Ranks of atheists grow, get organized
Long defined by what they are not, nonbelievers increasingly try to define what they are.
Valerie Celeste Coffey is a woman on a mission. For six years, her small group of local atheists has gathered to exchange bemused stories about the things Christians do in worship and swap tips for raising confident skeptics.Skip to next paragraph
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But on a recent Wednesday evening here at the Java Room cafe, Ms. Coffey said the time had come to take the meetings in hand.
"I don't think this group has a vision," said Coffey, a freelance editor who lives in nearby Boxborough, Mass. "We need to figure out what our values are."
Ten days later, something unprecedented happened: The group met over Sunday brunch for a structured discussion with preplanned topics.
The ranks of nonbelievers are on the rise, research suggests, and as they seek out each other online and in small groups, they are increasingly looking to do more than just vent.
Some are adopting rituals themselves, from de-baptisms to wedding ceremonies, as a way to cement ties among members. Others are organizing science-related outings or enrolling in community-service programs. Nationwide, atheists' groups are now treading, sometimes gingerly, into unfamiliar territory.
"This is the transition moment right now," says Dale McGowan, author of "Parenting Beyond Belief: On Raising Ethical, Caring Kids Without Religion." "Some groups are really diving in [to foster a robust sense of community], and some of them are holding their noses and standing on the diving board. They're not quite sure what to do."
Some 15 percent of Americans claim no religious affiliation, up from 8.2 percent in 1990, according to Trinity College's American Religious Identification Survey, released in March. Also, the American Humanist Association claims 20,000 financial supporters. That marks a doubling from five years ago, says spokeswoman Karen Frantz.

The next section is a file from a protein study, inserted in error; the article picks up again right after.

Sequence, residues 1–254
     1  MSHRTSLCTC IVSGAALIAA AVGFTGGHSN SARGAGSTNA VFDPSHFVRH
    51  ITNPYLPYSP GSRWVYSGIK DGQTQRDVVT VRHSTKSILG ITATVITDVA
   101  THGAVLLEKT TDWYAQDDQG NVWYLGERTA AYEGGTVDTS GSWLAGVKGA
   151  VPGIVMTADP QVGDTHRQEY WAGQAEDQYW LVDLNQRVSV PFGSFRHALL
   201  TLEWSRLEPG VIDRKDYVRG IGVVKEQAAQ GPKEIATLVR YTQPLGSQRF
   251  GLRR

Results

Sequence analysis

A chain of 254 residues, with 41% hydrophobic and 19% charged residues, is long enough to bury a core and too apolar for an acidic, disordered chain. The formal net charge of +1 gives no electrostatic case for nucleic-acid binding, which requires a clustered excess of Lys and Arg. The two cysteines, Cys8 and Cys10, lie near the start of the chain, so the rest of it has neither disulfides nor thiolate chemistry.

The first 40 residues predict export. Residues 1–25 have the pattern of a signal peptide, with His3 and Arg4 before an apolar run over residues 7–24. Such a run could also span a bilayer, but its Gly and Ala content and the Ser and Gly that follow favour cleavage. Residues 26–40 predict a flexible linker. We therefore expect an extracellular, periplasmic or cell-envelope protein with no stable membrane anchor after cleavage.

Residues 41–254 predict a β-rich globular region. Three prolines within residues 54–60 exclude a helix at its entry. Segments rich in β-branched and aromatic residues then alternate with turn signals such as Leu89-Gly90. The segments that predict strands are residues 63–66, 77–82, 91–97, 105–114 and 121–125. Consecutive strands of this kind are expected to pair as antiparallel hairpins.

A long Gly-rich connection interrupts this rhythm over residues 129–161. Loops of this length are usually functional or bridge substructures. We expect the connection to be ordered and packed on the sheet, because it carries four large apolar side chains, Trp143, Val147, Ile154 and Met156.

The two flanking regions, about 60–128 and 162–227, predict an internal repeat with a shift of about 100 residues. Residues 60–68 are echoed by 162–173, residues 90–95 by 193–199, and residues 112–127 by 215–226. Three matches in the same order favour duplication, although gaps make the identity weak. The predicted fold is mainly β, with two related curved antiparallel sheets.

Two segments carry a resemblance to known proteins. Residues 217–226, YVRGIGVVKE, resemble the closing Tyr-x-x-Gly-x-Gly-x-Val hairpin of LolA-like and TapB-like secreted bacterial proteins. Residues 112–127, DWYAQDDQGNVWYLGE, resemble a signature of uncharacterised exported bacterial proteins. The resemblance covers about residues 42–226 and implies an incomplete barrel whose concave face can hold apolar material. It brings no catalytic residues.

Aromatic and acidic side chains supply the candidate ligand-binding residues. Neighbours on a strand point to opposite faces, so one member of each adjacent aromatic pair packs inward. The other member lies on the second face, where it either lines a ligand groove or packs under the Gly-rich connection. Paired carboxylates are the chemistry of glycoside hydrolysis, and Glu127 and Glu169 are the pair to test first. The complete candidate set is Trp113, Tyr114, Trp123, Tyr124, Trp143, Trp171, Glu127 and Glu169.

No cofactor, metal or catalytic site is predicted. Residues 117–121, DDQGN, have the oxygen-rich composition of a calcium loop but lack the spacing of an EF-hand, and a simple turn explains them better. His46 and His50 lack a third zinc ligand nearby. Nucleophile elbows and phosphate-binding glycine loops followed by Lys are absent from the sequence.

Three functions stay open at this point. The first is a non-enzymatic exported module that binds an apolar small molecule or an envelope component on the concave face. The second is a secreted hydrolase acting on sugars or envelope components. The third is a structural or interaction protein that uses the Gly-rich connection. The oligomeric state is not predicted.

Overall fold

Moreover, signs point to non-believers seeking fellowship as never before. During the first five months of 2009, 95 new atheist groups have formed through meetup.com, bringing the US total to 372. That's up from 59 in 2005, says Blair Scott, director of national affiliates for American Atheists, a networking and advocacy organization. Known parenting groups for nonbelievers have proliferated from just one in 2005 to 33 in 2009, adds Mr. McGowan, the author.
The intersection of the two trends is evident across the United States. For example, the North Alabama Freethought Association, which has grown from 50 members in 2006 to 350 today, drew 30 people to a camping event in May and runs regular outings to visit caves or other science-related sites.
"It used to be that these atheist groups ... met almost in hiding," says American Atheists spokesman David Silverman. "Now they're doing a lot more stands at town parties, a lot more trash pickups, a lot more blood donations – a lot more stuff that gets their group out and noticed."